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“How do you view the topic of “copying”? What does it mean to you? I.E. – is it a concrete thing of an exact duplicate of your work, or do you consider design elements and style? Have you felt you have been copied by other artists? And, how do you deal with this?

I have a mixed emotion to this….
First, I will not point a finger and scream “copycat” under any circumstance. For a number of reasons. Mostly – unless the person has scribbled in the margins ” I copied this design from Andes Cruz (in a bad way) ” Then who am I to judge? I do not know that they did not arrive at the same place, from a different path, all by their lonesome.. just as I did. I haven’t been in this person’s head. I do not know their design history, and process. There is no definitive way to know if they copied. Or not. And in the world of Jewellery, it having been created for thousands of years already….having a truly “original” idea is exceptionally rare. To so something that simply has not been done before. Because you have not seen it, does not equate to it not existing before you. I think it’s a little pompous actually to think an idea is Original in jewellery.
Now that having been said…. There are many artists who have a very unique “style” or “voice”. And when I see their work, I am certain they created it…. It might not be that isn’t 100% Original. but a set of style elements that the person has identified with. Things that make their work theirs.
However. The world of art is getting smaller. There are exponentially more jewellery artists all the time. And, with the growth of the internet, and social networks, photo sharing, and online galleries and markets such as Etsy, or 1000Markets; our world is shrinking. Being influenced by others work is a fact. Seeing many more different styles and works than you would have when your reach was limited to galleries, and books…… This shrinking planet of art, makes in even more hard to have your own unique voice… and also to not find yourself influenced by others.
It’s a very fine line. But I think in the same regards that one could obsess about whether this person, and that person, and that one over there are copying them; I think we could drive ourselves nuts with examining our own creations, to be sure we weren’t copying another. Where does one draw the line? Do you not look at anyone else work? Not read trade magazine, and educational books? Not post photos of your own work? Guard it like the Hope Diamond?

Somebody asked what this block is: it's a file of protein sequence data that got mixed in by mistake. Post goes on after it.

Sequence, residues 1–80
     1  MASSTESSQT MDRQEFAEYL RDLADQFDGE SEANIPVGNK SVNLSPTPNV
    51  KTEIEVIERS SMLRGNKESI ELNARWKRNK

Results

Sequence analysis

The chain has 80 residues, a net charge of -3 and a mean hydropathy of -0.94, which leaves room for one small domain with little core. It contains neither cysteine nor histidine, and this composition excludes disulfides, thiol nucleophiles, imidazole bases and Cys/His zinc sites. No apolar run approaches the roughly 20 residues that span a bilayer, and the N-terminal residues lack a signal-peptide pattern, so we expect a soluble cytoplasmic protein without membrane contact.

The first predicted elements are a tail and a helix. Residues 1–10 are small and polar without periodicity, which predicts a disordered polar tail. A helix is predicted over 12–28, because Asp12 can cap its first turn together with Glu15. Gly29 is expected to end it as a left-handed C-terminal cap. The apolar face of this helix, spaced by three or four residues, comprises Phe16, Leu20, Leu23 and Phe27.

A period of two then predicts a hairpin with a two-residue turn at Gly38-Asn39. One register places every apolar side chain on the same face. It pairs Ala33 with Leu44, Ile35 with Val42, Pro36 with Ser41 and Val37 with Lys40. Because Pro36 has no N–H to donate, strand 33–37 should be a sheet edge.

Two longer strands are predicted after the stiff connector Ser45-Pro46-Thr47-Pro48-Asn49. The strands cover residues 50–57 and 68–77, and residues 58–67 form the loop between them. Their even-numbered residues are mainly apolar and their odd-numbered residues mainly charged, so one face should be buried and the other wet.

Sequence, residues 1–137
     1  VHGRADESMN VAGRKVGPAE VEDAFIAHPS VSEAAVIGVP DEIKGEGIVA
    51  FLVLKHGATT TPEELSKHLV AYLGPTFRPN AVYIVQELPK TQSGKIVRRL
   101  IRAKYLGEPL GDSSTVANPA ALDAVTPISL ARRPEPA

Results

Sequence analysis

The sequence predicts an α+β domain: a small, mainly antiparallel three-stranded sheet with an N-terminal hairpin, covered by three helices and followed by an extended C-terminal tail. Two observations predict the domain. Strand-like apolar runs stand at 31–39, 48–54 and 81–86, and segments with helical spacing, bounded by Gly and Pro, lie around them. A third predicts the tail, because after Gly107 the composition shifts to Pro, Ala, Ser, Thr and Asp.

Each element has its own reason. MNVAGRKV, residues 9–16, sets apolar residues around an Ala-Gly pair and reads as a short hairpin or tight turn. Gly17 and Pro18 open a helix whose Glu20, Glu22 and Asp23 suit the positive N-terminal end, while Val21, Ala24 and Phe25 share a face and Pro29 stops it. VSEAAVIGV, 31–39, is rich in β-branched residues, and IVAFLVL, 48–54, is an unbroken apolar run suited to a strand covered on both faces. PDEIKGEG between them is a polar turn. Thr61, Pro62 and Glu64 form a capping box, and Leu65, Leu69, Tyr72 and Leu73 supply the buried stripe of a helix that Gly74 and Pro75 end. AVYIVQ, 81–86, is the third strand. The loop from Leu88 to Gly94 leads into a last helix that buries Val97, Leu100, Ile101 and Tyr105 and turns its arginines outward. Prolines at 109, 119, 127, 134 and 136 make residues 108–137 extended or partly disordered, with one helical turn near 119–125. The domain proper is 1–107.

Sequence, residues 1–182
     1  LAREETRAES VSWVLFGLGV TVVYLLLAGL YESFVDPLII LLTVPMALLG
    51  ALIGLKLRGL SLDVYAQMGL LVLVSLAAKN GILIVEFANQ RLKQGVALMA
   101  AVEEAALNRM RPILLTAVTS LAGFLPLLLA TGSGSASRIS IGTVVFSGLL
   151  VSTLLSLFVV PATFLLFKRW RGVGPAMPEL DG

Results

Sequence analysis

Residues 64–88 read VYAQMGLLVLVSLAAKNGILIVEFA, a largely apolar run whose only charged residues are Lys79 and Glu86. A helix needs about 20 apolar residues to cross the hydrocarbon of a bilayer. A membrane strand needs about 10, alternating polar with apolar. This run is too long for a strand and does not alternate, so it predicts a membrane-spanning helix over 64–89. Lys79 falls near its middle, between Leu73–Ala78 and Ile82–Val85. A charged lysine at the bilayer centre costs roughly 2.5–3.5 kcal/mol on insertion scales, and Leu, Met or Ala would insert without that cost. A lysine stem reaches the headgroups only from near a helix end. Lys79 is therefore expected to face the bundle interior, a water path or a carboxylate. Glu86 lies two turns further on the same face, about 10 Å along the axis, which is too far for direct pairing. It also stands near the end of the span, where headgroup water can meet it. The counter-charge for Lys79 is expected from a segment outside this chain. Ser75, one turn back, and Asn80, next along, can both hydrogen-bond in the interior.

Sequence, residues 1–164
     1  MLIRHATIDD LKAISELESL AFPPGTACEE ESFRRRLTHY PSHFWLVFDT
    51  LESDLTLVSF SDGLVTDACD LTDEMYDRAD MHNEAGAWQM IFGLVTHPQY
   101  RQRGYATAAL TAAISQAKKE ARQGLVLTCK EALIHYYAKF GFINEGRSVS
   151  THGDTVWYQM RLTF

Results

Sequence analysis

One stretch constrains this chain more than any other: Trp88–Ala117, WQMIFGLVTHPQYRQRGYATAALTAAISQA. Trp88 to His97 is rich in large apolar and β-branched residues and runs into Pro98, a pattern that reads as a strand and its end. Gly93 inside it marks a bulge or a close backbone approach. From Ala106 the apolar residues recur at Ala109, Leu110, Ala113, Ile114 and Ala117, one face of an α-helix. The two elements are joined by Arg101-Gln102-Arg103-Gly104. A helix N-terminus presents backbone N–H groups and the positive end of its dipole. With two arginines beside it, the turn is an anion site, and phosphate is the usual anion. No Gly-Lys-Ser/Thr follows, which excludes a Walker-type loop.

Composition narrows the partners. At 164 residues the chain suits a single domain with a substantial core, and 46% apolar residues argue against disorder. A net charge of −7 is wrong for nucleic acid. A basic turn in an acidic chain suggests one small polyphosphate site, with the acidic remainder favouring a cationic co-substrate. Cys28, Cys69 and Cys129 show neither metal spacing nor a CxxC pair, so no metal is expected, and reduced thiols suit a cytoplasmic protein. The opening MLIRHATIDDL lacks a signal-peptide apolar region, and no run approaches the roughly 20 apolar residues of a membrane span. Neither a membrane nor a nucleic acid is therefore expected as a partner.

Back to me.
I have never been knowing placed in the position of feeling as though someone has blatantly copied me. I know when I do think so (- even though I will try not to assume, and would never point a finger;) I know when the day comes, and I do feel like it’s overwhelmingly in favour of a copycat…it’s going to hurt. Hurt like hell.
Imitation is NOT the sincerest form of flattery.
Copying is wrong. It isn’t flattering – beyond the VERY small point that someone thinks your design is good enough to steal.
I have a method for doing my best to stay out of harms’ way.
I don’t copyright every piece I do. But I do document it. and Photograph. But that’s not my Grand Plan.
And instead of focusing on the bad, I’m going to focus on telling you “how not to be copied”
I’m going to share it with you. Free. Take it and run. 😉
Here is what I recommend to all artists, young and old, jewellers, and non jewellers; to stay ahead of the would be copycat….
Focus on finding your own Voice. That which makes you unique. Your creative edge. The thing that makes the work Yours. Filter what inspires you thru your very own creative lenses, let it flow thru your hand, and become uniquely yours.
By doing so, you make it harder for a Copier to copy you. Because you do something unique. Maybe you blend techniques that aren’t usually. Or mix medias. Finding your voice is part 1 of the plan. Your voice is like your signature. replicating it can be done, but it takes a LOT more devotion and work to perfect it- because it only comes naturally to you, the creator. So be Unique. Don’t do what everyone else does. Don’t blend in. Step out.
Part 2: Keep it moving. Grow, change. Learn new skills, and techniques. It makes it hard to keep up. And the harder you make it to replicate your signature, the less likely someone is to do so.
Part 3: Hone your skills. Be the best you can. Then. go learn some more. Get better. Add new, and different skills. The key here is that The more advanced and varied your skill set is; the less likely that someone will be capable of copying you.
Part 4: repeat steps 1 thru 3. Again.
And my final thoughts on staying ahead of the curveball, and copying:
Finding your unique Voice will set you apart. So that you don’t fall into the sea of thousands of others whom your work might resemble. Trust that, when you create what really is within you, it transmutes within your works, and shines out to your audience. You will set yourself apart; and trust that this is good. There will be people who Love your work; specifically because it is unique, and different, and is a true piece of art within itself. It carries your essence in it. If you are uninspired in your creations, people will feel this. So find the place of inspiration, and make your creations Your Own. Find your Voice. And do it with the best skills you can execute, always. Don’t cut corners, or skimp on supplies. It doesn’t do you good, it hurts you. Do it right. The first time.
Copying hurts everyone. The Copier, and the Copied.
If you happen to be copying, remember you’re selling yourself short. First, you’re telling yourself and the world that you don’t think you have a single creative idea of your own worth sharing. That you aren’t an artist. The only outcome of copying is hurting yourself, and your success as an artist.
… So go out there and learn to sing, people!
I want to hear your VOICE.

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